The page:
The primary function of a nkondi is be the home of a spirit which can travel out from its base, hunt down and harm other people. Many nkondi were publicly held and were used to affirm oaths, or to protect villages and other locations from witches or evildoers. This is achieved by enlisting spiritual power through getting them to inhabit minkisi like nkondi.

The vocabulary of nkondi has connections with Kongo conceptions of witchcraft which are anchored in the belief that it is possible for humans to enroll spiritual forces to inflict harm on others through cursing them or causing them to have misfortune, accidents, or sickness. A frequently used expression for hammering in the nails into a nkondi is “koma nloka” (to attach or hammer in a curse) derives from two ancient Bantu roots *-kom- which includes hammering in its semantic field, and *-dog- which involves witchcraft and cursing. Kindoki“, a term derived from the same root is widely associated with witchcraft, or effecting curses against others, but in fact refers to any action intended to enlist spirits to harm others. If exercised privately for selfish reasons, the use of this power is condemned as witchcraft, but if the power is used publicly by a village, tribe, political leaders, or as a protective measure by innocent people, however, it is not considered witchcraft.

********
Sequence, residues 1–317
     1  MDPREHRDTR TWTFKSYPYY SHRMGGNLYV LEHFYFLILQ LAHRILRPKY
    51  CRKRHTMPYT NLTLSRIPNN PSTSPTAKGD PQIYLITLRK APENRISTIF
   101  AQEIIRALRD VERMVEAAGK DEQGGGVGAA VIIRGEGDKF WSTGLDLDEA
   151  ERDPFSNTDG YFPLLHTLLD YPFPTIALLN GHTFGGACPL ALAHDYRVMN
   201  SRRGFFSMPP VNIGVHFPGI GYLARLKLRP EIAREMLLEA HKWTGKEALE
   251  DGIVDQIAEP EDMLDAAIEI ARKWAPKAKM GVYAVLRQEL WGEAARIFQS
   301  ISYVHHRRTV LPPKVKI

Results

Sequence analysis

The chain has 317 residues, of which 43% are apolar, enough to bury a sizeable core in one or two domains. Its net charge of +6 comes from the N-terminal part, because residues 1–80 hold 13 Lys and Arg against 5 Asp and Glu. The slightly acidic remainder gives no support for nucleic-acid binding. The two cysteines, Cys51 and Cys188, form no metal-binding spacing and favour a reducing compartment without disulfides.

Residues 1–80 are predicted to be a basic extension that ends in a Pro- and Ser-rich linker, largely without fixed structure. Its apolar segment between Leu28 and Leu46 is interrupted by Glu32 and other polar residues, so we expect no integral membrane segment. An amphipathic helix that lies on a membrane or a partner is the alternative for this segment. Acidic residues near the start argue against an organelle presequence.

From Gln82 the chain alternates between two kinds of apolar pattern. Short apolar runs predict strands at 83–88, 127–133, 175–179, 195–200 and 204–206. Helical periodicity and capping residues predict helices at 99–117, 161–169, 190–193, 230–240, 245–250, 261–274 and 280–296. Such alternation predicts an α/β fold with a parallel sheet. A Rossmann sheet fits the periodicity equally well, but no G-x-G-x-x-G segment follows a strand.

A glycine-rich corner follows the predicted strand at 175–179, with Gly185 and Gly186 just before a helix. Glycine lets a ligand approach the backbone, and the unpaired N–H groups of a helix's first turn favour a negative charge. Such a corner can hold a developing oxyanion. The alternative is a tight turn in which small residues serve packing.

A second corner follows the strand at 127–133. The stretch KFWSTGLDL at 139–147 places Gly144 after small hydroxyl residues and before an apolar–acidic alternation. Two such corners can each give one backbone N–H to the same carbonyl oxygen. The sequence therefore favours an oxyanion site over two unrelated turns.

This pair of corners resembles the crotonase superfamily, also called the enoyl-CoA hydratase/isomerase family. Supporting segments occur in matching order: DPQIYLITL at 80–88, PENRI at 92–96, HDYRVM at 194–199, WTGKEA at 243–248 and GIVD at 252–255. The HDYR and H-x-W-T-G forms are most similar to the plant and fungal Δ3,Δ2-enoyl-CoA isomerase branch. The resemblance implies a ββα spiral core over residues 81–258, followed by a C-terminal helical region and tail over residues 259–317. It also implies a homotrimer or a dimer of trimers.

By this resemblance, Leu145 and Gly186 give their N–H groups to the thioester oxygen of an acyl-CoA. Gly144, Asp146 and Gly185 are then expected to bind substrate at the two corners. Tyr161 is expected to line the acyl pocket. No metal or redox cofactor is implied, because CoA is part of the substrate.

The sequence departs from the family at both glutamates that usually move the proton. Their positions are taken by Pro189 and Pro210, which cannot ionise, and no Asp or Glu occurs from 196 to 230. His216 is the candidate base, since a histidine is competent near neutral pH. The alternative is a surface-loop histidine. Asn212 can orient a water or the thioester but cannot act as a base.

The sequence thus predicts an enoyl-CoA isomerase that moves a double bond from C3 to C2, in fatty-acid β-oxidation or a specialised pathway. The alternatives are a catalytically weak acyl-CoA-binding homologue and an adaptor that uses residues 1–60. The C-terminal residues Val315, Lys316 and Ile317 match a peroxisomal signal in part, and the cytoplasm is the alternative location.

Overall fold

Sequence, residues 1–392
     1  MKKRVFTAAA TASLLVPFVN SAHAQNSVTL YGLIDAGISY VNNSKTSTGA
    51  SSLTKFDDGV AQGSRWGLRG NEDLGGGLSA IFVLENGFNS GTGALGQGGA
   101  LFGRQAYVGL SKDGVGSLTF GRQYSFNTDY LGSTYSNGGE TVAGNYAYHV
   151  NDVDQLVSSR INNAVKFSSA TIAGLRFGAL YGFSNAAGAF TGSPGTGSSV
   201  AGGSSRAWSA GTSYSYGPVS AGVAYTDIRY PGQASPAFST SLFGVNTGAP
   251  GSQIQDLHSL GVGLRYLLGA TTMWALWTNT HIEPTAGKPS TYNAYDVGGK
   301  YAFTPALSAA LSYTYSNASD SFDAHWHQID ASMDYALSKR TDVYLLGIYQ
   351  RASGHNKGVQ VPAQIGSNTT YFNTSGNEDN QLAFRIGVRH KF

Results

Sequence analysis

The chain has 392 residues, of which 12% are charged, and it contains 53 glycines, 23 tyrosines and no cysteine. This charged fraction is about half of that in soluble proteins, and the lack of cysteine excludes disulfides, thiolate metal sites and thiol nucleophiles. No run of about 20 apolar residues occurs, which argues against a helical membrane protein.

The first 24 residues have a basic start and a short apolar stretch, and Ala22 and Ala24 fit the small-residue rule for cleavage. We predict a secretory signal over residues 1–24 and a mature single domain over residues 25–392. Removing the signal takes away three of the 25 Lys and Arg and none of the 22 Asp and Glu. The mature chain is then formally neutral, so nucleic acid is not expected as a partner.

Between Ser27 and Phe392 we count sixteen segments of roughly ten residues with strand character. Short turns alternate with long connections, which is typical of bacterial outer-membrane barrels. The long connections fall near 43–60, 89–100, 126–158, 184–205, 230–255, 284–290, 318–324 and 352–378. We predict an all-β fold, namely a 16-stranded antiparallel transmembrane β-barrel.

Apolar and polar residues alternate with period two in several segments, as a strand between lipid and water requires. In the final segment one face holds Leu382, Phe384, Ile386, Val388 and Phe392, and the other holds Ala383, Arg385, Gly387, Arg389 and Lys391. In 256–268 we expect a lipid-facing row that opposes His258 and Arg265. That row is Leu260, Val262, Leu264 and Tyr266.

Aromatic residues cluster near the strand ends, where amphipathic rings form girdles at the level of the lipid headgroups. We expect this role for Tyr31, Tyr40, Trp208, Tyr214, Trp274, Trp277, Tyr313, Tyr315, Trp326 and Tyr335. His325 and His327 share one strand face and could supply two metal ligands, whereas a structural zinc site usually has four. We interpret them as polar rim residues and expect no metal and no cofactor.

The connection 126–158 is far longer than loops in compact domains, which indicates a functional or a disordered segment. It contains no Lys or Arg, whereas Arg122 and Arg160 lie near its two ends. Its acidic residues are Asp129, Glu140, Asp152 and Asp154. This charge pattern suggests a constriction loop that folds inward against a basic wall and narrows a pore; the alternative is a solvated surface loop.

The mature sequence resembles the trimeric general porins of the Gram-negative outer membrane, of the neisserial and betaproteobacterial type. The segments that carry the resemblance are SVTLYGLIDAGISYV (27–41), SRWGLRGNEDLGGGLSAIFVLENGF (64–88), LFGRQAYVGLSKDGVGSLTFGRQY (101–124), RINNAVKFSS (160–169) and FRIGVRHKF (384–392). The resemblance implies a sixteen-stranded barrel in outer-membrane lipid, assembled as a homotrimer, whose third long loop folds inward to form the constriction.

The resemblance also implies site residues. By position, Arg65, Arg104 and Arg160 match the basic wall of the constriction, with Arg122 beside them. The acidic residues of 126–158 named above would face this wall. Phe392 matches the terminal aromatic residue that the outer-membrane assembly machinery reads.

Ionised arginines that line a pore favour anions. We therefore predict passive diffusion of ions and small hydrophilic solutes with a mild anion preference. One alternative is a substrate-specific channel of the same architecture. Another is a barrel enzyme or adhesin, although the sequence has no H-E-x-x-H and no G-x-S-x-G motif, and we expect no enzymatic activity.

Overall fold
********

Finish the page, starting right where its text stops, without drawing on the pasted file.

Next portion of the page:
DIANE ARBUS: early & unseen works shown in the Met Breuer exhibition, 2016

early unseen diane arbus photographs arrive at the met

by Emily Manning, for I-D, July 12, 2016  *

Diane Arbus’ work drew her to Coney Island side shows, Times Square movie theaters, and smoky Lower East Side pool halls. But the enigmatic artist’s newest show opens today in the neighborhood she was born and raised in: the Upper East Side. For its inaugural season, the Met Breuer (the Metropolitan Museum of Art’s new 75th and Madison outpost, and formerly the Whitney’s uptown digs) has created a landmark exhibition highlighting Arbus’ never-before-seen early work. Titled diane arbus: in the beginning, the show features photographs taken between 1956 and 1962 — the critical years in which Arbus developed her idiosyncratic approach to capturing New York City street scenes and their wildly eclectic cast of characters. Continue reading DIANE ARBUS: early & unseen works shown in the Met Breuer exhibition, 2016

Idoma Seated Female Figures, Africa Origin: Nigeria Circa: 19 th Century AD to 20th Century AD

left: Idoma Seated Female Figure, Africa Origin: Nigeria Circa: 19 th Century AD to 20th Century AD

right:  Africa | Female figure “anjenu” from the Idoma people of Nigeria | Wood, polychrome paint

Idoma figures, Nigeria:

In 1985, François Neyt identified the Idoma’s “Ekotame and Anjenu sitting figures” as a pre-eminent corpus. (Neyt, 1985, p. 101-116). As part of the deeply ingrained tradition of female representation in the Benue region – maternity figures, women sitting and standing – they offer the most striking of its expressions in their extolment of strength and dignity combined.  Continue reading Idoma Seated Female Figures, Africa Origin: Nigeria Circa: 19 th Century AD to 20th Century AD